Nestor, my SportsBlogs Nation colleague over at Bruins Nation, is an avid U.C.L.A. fan who regularly and repeatedly has expressed his concern at the direction of his alma mater's football program under the leadership of fellow alumnus Karl Dorrell.
In a recent diary at Bruins Nation, a guest weblogger articulately expressed this growing displeasure among U.C.L.A. fans, summarizing his point in a forthright declaration:
A fellow weblogger with a foot in both camps shares Bruins Nation's view, noting that, at Georgia, "reduced expectations never reared their ugly head" the way they have at U.C.L.A.
In the course of previous exchanges with Nestor, I have promised to be more attentive to West Coast football and offered a two-part look at Ray Goff, the Georgia alumnus who was fired following seven mostly mediocre seasons as his alma mater's head football coach.
Because Bruins Nation has drawn the analogy to other programs and the subject has come up before, I thought I would take a few moments to look at Coach Dorrell's time in Westwood and see how it compares to Coach Goff's tenure in the Classic City.
Both coaches got off to inauspicious starts, with each posting one .500 record and one losing season in his first two campaigns. Coach Goff began his career at Georgia with a 10-13 record, going 6-6 (with a Peach Bowl loss) in 1989 and 4-7 in 1990. Coach Dorrell commenced his stint in the City of Angels with a 12-13 ledger, going 6-7 (with a Silicon Valley Bowl loss) in 2003 and 6-6 (with a Las Vegas Bowl loss) in 2004.
Neither coach was helped by the fact that each opened with an 0-2 run against his local rival, as Georgia Tech peaked in the second half of the 1989 campaign before going undefeated in 1990 and Southern California claimed the A.P. national championship in 2003 before going undefeated in 2004.
In the finest seasons compiled by either of them, Coach Dorrell and Coach Goff each went 10-2 and claimed victory over a Big Ten squad in a bowl game with a fair degree of historical pedigree, as the 1992 Bulldogs beat Ohio State in the Citrus Bowl and the 2005 Bruins beat Northwestern in the Sun Bowl. Nevertheless, both seasons were marred by losses due to defensive lapses and the latest in a series of setbacks to conference rivals Southern California and Florida, respectively.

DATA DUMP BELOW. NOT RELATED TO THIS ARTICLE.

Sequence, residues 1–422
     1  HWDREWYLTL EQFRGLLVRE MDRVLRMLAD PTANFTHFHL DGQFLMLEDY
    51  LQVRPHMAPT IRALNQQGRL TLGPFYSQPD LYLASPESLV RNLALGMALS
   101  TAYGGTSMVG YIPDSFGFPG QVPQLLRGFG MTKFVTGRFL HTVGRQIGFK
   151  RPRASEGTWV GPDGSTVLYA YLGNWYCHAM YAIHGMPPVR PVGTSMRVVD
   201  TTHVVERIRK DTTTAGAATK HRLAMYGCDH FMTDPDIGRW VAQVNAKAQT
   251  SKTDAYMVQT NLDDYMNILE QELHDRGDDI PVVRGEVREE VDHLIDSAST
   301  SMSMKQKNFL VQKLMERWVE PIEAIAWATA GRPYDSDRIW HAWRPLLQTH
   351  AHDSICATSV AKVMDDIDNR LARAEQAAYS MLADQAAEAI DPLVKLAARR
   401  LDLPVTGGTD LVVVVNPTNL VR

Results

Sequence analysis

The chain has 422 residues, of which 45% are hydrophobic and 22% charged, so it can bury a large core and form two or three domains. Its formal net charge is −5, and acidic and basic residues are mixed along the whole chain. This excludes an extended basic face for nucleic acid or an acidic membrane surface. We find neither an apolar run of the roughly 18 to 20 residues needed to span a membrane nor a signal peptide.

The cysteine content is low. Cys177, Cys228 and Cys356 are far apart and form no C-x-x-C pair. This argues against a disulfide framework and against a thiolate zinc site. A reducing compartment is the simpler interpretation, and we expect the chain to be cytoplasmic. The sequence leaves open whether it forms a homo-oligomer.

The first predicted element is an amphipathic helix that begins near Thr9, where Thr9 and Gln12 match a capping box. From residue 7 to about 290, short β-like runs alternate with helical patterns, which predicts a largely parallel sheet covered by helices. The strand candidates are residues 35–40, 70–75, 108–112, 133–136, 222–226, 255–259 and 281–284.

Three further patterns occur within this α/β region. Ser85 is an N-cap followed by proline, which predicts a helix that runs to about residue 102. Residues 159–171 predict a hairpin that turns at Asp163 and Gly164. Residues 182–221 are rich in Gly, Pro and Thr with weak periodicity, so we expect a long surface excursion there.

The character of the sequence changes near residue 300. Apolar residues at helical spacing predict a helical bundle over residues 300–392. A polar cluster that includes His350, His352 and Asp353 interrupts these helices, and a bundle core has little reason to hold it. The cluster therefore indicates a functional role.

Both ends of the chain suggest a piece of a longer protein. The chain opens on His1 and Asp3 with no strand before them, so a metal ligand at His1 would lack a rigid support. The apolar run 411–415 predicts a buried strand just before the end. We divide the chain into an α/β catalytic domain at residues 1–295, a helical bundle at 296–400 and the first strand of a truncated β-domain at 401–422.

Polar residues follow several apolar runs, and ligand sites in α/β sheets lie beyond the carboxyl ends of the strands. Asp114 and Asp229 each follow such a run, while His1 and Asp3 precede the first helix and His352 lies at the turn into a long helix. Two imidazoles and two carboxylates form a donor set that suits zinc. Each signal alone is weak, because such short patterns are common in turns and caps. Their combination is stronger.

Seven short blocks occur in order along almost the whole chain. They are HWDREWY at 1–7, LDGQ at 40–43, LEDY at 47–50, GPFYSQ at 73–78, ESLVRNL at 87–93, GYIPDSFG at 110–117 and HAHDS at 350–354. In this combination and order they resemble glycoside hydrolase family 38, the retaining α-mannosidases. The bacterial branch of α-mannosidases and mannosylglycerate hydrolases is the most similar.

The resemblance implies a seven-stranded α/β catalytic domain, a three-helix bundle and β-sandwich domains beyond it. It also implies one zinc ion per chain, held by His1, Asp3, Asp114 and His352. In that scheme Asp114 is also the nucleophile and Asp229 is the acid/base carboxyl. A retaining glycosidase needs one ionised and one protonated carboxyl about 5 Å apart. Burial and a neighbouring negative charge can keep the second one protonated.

Coach Goff's last autumn on the job resulted in a 6-6 record in 1995, when the Red and Black concluded the regular season with a close win in a defensive struggle against nearby rival Georgia Tech but squandered the momentum thereby gained when they dropped a 34-27 decision to an A.C.C. squad, Virginia, in a Peach Bowl game played in their home state.
Coach Dorrell's fourth season on the sideline produced a 7-6 ledger in 2006, when U.C.L.A. wrapped up its scheduled slate with a close win in a defensive struggle against nearby rival U.S.C. but squandered the momentum thereby gained when the Bruins dropped a 44-27 decision to an A.C.C. squad, Florida State, in an Emerald Bowl game played in their home state.
Obviously, the analogy between the two coaches is imperfect, as Ray Goff spent seven seasons at his alma mater, posting records of 9-3 in 1991, 5-6 in 1993, and 6-4-1 in 1994.
However, the resumes of the two men are comparable, as the first four years of Karl Dorrell's stay at U.C.L.A. produced a 1-3 record against resurgent rival Southern California, just as the first four years of Ray Goff's time in Athens produced a 1-3 record against resurgent rival Florida . . . a team Coach Goff would not beat again for the remainder of his coaching career.
Furthermore, I sympathize with Nestor because I remember the point at which I came to the same conclusion about Coach Goff that a growing number of Bruins fans are reaching about Coach Dorrell.
The date was October 2, 1993, and the opponent was Arkansas. The Bulldogs' loss to the Razorbacks in Sanford Stadium that day---which Ray Goff would later describe in a speech at a Bulldog Club meeting I attended as the poorest effort with which he ever had been associated---dropped the Classic City Canines to 0-4 in S.E.C. play for the first time in the program's proud history.
I knew then that Ray Goff would have to go and, from that day until the day he was fired, I never wavered in that conviction. Following that loss to Arkansas, Coach Goff had a career record of 30-22. Following the Bruins' recent loss to the Seminoles, Coach Dorrell has a career record of 29-21.
The firing of Ray Goff was a divisive issue in Bulldog Nation at the time, much more so than the firing of Jim Donnan would be five years later, and much of the controversy was attributable to the fact that Coach Goff was a Georgia graduate. So it is, I am sure, with Bruin fans who are hesitant to pull the trigger on sacking a U.C.L.A. alum.
There are, of course, coaches who turned the corner in their fifth year or later . . . Virginia Tech's Frank Beamer is one; Auburn's Tommy Tuberville is another. 2007 may be Karl Dorrell's time to shine. If next season is another autumn of discontent among the Bruin faithful, though, Coach Dorrell will have been given adequate time to demonstrate his fitness for the job.
Given the similarity of their respective resumes and the propriety of the regrettable fate that awaited Ray Goff, it is appropriate for U.C.L.A. to impose an expectation of "significant improvement" upon Karl Dorrell, much as Vince Dooley demanded of (but did not receive from) the man who succeeded, but could not replace, him.
If Coach Dorrell's Bruins underachieve next year as they have in three of the last four seasons, it will be time for a regime change in Westwood.